Fake bull-market hype

A report by Decrypt found that “bullish” headlines from popular crypto news sites often bear zero relation to actual market movements. In one particularly embarrassing set of headlines, NewsBTC proclaimed twice in the space of two weeks, using the exact same language, that the cryptocurrency Ripple was headed for a bull-run, even as the currency’s consistently downward trend continued unabated. (October 2: ”XRP/USD bullish above 0.5520.” October 16: XRP/USD bullish above $0.4250.”)

The good stuff

Gee. You might feel as lost as Dante when he was stuck in that forest right now. However, this is where we tell you where the good stuff is. And we promise you — it’s out there.

Twitter people

First, some wonderful ladies and gents to follow on Twitter. Lawyers Stephen Palley and Preston Byrne, for a start, offer insightful, clear-headed crypto analysis from a legal perspective that’s also, somehow, often pretty funny! By lawyers’ standards.

Ethereum inventor Vitalik Buterin brings occasional biting wit and unintelligible but nevertheless interesting crypto insider stuff to the table, and it’s worth also following the rest of his coterie of friends/fellow devs/sworn enemies if you’re into the gossipy internal drama of one of crypto’s most spirited communities.

Similar figures on the bitcoin side of things include Jameson Lopp, Dogecoin inventor Jackson Palmer, Tezos co-founder Kathleen Breitman, Litecoin creator Charlie Lee, Coinshares CSO Meltem Demirors, and, bizarrely enough, some guy called WhalePanda. Also try Reddit’s r/Cryptocurrency and r/Buttcoin—at your peril, though.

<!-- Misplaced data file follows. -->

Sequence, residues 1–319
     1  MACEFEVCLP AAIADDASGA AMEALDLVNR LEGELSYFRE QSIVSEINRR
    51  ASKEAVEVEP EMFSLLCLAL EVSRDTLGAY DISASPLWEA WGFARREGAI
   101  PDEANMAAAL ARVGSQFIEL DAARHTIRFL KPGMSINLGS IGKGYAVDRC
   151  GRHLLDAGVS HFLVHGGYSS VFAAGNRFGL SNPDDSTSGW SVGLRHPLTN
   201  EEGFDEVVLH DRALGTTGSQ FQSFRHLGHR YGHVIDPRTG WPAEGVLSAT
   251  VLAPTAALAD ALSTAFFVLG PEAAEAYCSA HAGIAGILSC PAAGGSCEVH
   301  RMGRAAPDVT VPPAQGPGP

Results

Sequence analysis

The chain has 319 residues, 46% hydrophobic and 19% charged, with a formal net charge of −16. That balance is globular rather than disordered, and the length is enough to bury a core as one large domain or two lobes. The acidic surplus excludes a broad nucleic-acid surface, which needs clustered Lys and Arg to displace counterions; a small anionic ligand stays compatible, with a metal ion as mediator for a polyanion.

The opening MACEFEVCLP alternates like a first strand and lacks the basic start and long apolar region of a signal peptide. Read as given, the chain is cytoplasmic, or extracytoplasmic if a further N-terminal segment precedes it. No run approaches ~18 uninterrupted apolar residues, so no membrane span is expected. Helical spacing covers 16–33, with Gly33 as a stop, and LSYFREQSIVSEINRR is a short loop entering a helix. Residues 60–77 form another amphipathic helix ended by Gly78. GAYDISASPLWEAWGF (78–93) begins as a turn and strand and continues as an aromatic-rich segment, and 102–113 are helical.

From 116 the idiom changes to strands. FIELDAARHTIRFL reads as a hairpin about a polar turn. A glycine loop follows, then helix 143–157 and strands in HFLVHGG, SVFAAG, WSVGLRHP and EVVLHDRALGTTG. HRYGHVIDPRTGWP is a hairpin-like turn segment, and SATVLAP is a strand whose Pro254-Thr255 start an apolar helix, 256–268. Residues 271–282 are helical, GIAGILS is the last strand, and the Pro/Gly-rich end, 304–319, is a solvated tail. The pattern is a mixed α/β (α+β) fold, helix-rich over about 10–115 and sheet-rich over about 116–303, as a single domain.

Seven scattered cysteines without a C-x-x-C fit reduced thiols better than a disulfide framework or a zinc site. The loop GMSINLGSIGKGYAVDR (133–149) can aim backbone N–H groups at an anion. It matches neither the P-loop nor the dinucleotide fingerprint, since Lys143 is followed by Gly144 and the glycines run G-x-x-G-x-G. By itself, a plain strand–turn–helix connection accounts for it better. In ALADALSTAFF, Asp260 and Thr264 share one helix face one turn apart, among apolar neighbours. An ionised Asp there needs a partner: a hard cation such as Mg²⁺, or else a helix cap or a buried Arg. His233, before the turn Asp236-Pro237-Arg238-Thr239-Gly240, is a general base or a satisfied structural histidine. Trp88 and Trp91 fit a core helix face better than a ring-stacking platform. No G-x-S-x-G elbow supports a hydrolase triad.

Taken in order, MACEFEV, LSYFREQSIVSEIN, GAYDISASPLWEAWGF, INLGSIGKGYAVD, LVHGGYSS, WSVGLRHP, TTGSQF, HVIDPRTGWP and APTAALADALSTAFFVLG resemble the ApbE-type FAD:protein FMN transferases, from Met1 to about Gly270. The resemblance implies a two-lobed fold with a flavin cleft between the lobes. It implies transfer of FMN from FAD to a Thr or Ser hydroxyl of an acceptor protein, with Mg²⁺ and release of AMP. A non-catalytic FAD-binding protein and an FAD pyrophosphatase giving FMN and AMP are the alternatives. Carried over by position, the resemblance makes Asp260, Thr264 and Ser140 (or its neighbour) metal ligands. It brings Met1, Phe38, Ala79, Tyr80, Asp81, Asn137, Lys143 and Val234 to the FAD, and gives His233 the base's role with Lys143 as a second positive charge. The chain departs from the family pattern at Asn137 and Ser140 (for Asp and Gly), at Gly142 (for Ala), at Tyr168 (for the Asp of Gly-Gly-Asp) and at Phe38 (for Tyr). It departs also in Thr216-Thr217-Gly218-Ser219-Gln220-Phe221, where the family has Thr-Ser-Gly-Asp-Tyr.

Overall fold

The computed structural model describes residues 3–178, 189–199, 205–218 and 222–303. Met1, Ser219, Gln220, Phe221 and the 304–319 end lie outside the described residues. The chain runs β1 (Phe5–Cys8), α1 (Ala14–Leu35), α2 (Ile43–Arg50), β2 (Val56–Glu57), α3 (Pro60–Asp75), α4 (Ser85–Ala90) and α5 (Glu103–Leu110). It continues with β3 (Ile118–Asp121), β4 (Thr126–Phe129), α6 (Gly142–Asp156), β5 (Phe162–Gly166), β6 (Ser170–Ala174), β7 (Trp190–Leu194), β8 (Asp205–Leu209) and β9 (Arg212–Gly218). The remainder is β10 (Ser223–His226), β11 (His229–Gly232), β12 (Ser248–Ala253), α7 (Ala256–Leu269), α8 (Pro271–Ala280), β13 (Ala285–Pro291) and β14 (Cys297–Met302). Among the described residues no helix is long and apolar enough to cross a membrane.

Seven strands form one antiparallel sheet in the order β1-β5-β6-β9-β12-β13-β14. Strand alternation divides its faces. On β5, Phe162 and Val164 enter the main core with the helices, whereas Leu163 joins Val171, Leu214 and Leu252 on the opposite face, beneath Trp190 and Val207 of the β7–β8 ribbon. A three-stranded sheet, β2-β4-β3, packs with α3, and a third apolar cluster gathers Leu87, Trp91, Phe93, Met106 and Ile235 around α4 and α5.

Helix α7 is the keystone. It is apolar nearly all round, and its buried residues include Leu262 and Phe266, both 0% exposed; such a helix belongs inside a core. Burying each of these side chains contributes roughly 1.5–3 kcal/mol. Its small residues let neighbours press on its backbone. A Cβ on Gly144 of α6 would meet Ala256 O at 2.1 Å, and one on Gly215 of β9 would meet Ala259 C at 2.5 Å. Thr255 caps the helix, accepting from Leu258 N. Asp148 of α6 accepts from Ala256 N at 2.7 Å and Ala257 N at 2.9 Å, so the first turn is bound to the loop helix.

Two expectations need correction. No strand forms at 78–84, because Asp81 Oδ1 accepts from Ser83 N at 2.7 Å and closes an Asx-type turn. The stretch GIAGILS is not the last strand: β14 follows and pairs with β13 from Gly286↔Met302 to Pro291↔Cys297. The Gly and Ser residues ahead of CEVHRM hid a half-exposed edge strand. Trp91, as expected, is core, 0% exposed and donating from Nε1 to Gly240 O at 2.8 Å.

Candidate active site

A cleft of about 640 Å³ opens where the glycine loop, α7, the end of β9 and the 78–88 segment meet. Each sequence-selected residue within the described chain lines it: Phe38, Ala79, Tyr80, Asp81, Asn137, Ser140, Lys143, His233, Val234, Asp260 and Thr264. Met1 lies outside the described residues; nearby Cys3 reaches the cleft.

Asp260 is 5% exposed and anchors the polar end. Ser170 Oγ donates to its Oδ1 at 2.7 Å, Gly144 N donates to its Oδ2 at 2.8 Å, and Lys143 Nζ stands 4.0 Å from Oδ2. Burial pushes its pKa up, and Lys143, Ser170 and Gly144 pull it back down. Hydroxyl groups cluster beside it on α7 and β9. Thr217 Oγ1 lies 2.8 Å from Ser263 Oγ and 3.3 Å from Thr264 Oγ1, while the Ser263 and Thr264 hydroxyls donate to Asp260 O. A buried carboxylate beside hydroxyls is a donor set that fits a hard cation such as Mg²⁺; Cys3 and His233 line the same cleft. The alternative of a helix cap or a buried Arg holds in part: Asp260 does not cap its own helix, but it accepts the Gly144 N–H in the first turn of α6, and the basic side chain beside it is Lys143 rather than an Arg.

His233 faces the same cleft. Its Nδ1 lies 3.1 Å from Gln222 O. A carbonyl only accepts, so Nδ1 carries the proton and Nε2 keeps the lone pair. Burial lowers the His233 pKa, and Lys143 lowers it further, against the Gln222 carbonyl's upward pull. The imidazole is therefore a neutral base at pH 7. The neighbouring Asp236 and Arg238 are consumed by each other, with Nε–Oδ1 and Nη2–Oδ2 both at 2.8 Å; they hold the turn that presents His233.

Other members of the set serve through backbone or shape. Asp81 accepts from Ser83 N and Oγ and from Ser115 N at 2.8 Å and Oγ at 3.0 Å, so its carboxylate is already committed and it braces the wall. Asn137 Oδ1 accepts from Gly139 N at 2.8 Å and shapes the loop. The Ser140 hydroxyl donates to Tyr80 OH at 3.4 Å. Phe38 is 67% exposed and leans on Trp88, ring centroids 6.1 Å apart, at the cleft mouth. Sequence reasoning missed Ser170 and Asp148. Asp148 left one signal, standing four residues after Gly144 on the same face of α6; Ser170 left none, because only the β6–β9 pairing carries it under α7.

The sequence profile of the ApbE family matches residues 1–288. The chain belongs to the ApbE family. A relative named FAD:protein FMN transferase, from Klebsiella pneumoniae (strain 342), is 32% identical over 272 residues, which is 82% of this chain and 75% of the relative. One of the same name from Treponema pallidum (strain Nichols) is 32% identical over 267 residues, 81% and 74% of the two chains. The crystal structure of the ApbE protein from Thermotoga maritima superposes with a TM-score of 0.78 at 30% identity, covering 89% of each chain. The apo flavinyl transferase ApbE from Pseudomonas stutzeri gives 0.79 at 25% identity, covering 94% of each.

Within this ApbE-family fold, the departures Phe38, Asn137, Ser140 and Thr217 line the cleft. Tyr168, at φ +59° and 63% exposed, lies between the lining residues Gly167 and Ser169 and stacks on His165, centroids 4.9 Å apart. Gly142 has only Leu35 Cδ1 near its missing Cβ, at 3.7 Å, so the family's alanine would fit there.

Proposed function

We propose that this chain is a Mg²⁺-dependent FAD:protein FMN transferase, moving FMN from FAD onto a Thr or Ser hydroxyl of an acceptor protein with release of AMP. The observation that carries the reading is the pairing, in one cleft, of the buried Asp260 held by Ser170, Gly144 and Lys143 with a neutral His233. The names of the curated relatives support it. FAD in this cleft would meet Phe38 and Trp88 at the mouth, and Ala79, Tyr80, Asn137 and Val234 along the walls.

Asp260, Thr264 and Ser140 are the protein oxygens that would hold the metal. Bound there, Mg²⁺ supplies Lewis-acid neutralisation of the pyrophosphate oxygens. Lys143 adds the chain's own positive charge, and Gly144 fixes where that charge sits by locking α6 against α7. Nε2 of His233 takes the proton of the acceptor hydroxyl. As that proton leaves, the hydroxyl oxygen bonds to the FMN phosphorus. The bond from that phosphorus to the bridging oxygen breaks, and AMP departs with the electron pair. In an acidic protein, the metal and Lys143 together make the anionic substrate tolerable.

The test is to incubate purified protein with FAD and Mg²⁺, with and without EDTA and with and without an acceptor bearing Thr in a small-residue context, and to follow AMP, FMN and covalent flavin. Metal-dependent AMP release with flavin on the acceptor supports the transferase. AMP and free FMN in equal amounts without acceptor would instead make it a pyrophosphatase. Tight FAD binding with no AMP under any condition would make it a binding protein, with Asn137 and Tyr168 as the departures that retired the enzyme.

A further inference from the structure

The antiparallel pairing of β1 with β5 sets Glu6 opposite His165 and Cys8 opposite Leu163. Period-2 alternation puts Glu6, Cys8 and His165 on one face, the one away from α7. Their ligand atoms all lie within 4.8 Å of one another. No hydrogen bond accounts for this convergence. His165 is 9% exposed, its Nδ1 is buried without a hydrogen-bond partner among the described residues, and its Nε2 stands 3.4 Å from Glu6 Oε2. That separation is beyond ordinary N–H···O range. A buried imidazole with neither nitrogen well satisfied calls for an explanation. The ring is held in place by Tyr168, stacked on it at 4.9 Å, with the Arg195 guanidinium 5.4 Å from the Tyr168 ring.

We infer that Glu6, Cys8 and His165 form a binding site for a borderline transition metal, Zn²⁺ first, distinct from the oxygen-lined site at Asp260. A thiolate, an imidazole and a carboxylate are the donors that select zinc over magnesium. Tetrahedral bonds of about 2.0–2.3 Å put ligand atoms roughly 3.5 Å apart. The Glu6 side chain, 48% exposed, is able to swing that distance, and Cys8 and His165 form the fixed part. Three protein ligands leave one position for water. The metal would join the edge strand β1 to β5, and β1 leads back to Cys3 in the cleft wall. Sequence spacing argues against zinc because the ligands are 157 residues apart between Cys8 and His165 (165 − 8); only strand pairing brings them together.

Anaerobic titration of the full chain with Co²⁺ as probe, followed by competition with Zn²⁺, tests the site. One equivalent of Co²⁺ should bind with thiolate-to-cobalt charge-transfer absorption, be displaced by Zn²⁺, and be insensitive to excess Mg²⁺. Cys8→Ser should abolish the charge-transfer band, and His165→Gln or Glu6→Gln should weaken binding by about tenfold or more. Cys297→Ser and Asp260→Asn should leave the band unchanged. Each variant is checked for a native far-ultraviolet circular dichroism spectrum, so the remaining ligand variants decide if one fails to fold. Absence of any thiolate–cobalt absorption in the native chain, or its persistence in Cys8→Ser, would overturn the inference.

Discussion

Blogs/Magazines

Breaker Magazine, CoinDesk, Bloomberg Crypto, The Financial Times’s Alphaville blog, Nieman Lab, and The Block (though we are loth to admit it) all write news that isn’t paid for by its subjects, a rare and wonderful thing in cryptoland. Also Nathaniel Popper of the New York Times and the occasional piece from Wired are good. 

Meanwhile for a daily hit of strong freelance investigative reporting try Bitfinex’ed and David Gerard. Bitfinex’ed, surprisingly, largely focuses on the ever-confusing unfolding intrigue at crypto exchange Bitfinex, and was one of the first to put forward the Tether-is-manipulating-the-market hypothesis. David Gerard, meanwhile, just really hates blockchain. Also Bloomberg columnist Matt Levine’s daily newsletter, called Money Stuff, often has a crypto section, and it’s wonderful. Truly.

For more encyclopaedic stuff, try Messari for smart insights and trends, Litepaper for its vast, highly readable educational resources (Litepaper, full disclosure, shares editorial staff with Decrypt. But if it’s good it’s good, right?), and Everipedia, which is crypto wiki, essentially.

Well, that’s all folks! Now, we pray, you can go merrily and learn all about peer-to-peer consensus mechanisms and zero-knowledge proofs without getting yourself defrauded.